Tuesday, 22 November 2011
Orthodoxy in the West: The Eastern-Rite Mainline?
According to Fr Gregory Jensen, an academic and priest of the 'Orthodox Church in America' (the denomination with Russian immigrant origins that former Lutheran scholar Jaroslav Pelikan joined) Eastern Orthodoxy in North America on the ground - as opposed to how it appears from behind the rose-coloured spectacles of prospective Protestant converts - is rapidly becoming as liberal as the Protestant mainline churches many of those converts are fleeing. So much so that he says the Orthodox Church in all its ethnic branches in the US looks increasingly like 'the Eastern-Rite Mainline'.*
How so? Support for abortion and gay marriage runs disturbingly high among the laity, politicians of Orthodox background publicly support positions which stand in stark contradiction to the Church's moral teaching and priests are 'not effectively communicating the [Christian] moral tradition', thus surrendering the laity to the forces of secularisation and cultural barbarism. Not to mention, and Fr Gregory doesn't, but anyone who keeps a 'weather eye' on the Orthodox Church will know, that the various sexual and financial scandals among the Orthodox hierarchy in the US have clearly demoralised many of the devout clergy and laity.**
Part of the solution, Fr Gregory avers, is for the Orthodox in the West to draw upon the riches of the Western Christian tradition, specifically the Catholic tradition's 'partnership of faith and reason, natural law, and the objective and universal character of Christian morality'. I think he's an insightful and brave man for saying this, because most articulate Orthodox - especially Western converts - that I have come across have a strong animus against the Christian West, with Augustine being their favourite whipping boy. In their eyes the great North African Father is to blame not only for Roman Catholicism but also, by way of reaction, for Luther and hence 'Protestantism' (and in speaking about 'Protestantism' the Orthodox tend to make no distinction between a snake-handling Pentecostal and a confessional Lutheran, thereby only displaying their ignorance of the heritage of the Christian West after the Reformation). But, surely, without a sympathetic Orthodox engagement with Augustine - and indeed with Luther - there is unlikely to be any significant rapprochement between Orthodoxy and the Christian West beyond the usual glad-handing at ecumenical gatherings.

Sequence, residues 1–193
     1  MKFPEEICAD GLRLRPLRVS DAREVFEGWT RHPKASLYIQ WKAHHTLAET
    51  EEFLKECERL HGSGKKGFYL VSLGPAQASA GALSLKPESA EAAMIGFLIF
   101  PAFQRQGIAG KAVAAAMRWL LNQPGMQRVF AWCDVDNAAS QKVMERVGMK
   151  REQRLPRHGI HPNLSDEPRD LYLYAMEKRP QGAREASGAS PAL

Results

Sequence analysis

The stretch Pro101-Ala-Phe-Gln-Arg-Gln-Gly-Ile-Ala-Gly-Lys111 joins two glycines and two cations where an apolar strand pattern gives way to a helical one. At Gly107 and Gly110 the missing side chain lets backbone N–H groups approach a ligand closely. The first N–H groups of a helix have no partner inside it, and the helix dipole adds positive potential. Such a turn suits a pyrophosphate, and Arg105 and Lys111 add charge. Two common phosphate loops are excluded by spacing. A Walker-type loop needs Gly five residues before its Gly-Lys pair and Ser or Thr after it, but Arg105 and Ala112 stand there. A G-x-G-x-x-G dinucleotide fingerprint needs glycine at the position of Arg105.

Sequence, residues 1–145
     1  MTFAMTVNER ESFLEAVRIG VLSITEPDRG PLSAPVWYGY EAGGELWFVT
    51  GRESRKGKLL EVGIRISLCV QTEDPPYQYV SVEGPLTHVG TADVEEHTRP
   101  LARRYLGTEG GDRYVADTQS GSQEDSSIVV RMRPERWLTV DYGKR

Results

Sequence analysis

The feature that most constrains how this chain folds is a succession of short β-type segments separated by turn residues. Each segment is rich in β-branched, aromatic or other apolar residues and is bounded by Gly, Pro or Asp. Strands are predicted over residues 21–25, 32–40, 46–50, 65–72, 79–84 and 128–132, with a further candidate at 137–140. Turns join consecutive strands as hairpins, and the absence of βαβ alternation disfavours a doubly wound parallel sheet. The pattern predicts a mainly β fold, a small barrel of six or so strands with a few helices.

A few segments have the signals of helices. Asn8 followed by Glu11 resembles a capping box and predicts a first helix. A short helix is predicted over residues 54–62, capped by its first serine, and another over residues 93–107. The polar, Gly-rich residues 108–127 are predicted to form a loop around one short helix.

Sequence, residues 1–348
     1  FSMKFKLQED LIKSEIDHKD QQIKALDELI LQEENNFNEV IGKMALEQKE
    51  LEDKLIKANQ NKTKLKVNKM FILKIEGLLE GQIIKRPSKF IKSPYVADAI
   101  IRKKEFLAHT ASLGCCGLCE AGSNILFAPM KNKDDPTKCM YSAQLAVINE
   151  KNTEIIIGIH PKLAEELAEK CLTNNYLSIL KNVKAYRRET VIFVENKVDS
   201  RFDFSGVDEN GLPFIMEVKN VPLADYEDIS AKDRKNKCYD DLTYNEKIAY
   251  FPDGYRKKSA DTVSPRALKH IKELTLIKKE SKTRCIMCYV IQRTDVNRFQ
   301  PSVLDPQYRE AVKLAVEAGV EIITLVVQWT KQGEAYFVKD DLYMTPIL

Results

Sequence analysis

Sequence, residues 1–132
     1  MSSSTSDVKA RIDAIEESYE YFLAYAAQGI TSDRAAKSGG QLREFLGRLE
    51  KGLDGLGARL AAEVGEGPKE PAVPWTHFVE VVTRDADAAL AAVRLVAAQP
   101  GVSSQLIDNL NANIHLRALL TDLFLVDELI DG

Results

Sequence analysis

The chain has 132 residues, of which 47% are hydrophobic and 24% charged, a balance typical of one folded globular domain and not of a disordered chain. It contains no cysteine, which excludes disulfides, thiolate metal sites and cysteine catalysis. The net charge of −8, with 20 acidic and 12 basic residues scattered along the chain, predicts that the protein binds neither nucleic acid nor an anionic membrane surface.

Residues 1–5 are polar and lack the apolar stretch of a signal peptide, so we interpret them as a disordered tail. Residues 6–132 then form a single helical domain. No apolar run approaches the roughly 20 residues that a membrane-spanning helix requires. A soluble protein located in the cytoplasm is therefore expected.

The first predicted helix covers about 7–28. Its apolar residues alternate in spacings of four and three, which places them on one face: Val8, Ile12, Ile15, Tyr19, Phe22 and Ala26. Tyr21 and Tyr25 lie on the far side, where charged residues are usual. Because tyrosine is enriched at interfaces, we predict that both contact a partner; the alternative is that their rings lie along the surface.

I would also respectfully suggest to Fr Gregory that he not overlook what can be learned from the experience of those confessional churches of the Reformation which have taken a different path from their liberal Protestant cousins. A big part of Orthodoxy's problems, in my view, stem from the reality that it is not actually a 'confessional' church, but a 'big tent' church. The question for Orthodoxy now is just how big is its tent, given that they now have their own vocal and prominent proponents for recognition of the right to abortion, women's ordination and even revision of the church's teaching on homosexuality?
Finally, I think we are witnessing yet another confirmation of Dr Sasse's prescient observation of 50 or so years ago that in the modern world all the great Christian communions will face the same theological problems, without exception. The obvious moral for small 'o' orthodox Western Christians in all of this - especially Lutherans - who might think that Constantinople offers a safe haven from the destructive winds of modernism that have wrought such havoc in our own churches, is to look before you leap into the Bosphorus.
Fr Jensen's reflection can be found here
* For Australian readers, the Americans refer to the major historical Protestant denominations collectively as 'the Protestant Mainline' denominations, because they were once the numerically and culturally dominant forms of American Protestantism. Since succumbing to theological liberalism in the 20th C., the membership and influence of these denominations has declined significantly.
** While it's beyond our purview here, it should be noted that there have also been astonishing sexual and financial scandals involving Orthodox clergy and bishops in Greece, where the Church seems to have totally abdicated its moral authority (does this explain the present parlous state of Greek society or is it symptomatic of it?), and financial corruption has also been uncovered in the Patriarchate of Jerusalem in matters pertaining to the unauthorised sale of church land to the state of Israel and the disappearance of the funds from these sales.
I tread carefully here, because there will always be 'bad apples' and hypocrites among the clergy, and no church body is immune from them, but when persistent patterns of aberrant behaviour become evident in a particular church culture, one is surely entitled to ask whether it is not just 'occasional sin' on the part of individuals but the 'systemic sin' of the institution that has been uncovered? Is there something about the administrative systems of such a church body itself, systems which inevitably reflect its official theology/ecclesiology, that fosters these particular sins?
And if the astute reader is wondering 'Is there a connection between this post and the last one on Edwin Muir's poem 'The Castle', the answer is yes - the enemy most to be feared is the one within the castle walls!